Social landlords warned over risks posed by solid fuel burners
Warning issued over solid fuel burners after death of tenant
Social landlords are being urged not to neglect the maintenance of solid fuel burners after a housing association tenant died from carbon monoxide poisoning.
Gentoo was fined £40,000 and ordered to pay a further £25,000 in costs after the death of one of its tenants, George Rutherford. Eighty-year-old
Mr Rutherford, of Penshaw, Sunderland, died in June 2007 after the flue of his solid fuel heater became blocked.
Gentoo was prosecuted for failing to have proper procedure in place for the maintenance of a solid fuel appliance.
At Newcastle Crown Court last Friday, the 30,000-home landlord pleaded guilty to breaching Regulation 5 (1) of the Management of Health and Safety at Work Regulations 1999.
Bruno Porter, HM Inspector of Health and Safety, said: ‘We would like the social housing industry to be more aware of the risks and to realise that while there is good practice out there, there are also areas where landlords need to do more. ‘
Judge Eder accepted it could not be said Mr Rutherford died as a result of Gentoo’s breach, but he said there was, at the very least, a ‘not insignificant risk of death’ as a result of the breach.
Solid fuel burners are more common in former mining areas where pensioners are eligible for free coal.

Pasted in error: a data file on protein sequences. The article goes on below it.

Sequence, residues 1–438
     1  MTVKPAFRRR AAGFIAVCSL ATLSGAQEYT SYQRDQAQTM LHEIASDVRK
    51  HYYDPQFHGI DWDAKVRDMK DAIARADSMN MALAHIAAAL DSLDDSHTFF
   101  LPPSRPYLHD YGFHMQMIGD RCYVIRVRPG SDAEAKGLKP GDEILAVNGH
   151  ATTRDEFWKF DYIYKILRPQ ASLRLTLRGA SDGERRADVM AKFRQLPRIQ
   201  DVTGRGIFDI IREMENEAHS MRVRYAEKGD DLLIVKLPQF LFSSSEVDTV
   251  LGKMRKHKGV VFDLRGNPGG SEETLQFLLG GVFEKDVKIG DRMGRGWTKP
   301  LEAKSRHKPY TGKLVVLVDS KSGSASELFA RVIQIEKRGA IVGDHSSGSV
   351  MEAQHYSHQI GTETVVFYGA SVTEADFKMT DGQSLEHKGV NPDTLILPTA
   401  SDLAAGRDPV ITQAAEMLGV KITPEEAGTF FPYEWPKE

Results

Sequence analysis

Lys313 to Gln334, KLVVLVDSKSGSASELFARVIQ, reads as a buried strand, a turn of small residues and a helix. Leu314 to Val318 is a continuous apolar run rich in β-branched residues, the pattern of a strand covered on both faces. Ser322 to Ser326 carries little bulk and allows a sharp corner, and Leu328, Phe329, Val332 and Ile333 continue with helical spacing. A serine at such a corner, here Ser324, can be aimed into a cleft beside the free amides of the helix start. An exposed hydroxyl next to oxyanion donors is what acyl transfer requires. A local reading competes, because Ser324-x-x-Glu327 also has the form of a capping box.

Angela Lockwood, chief executive of Stockton-on-Tees-based, 4,000-home North Star Housing Group, which has a number of solid fuel burners in its homes, said: ‘I think because gas servicing has such a high profile the sector’s attitude could become more relaxed around solid fuel. There’s been huge focus on gas, which is brilliant as it’s improved safety, but we all need to be alert and aware of other types of heating that need to be monitored.’
Bob Taylor, chief executive of Liverpool-based, 13,000-home Knowsley Housing Trust, which has two properties with solid fuel appliances, said: ‘Although there has been a big push on gas [safety] I feel solid fuel may be little known or understood.’
Inside Housing’s Safe as Houses campaign successfully lobbied for carbon monoxide detectors to be installed in all new homes, following the death of Elouise Littlewood, 26, in a flat she co-owned with Notting Hill Housing Trust in February 2008.
Andrew Taylor, deputy chief executive of Gentoo, said: ‘Excellent health and safety standards are paramount to Gentoo and we have therefore continued to monitor and improve our systems accordingly.’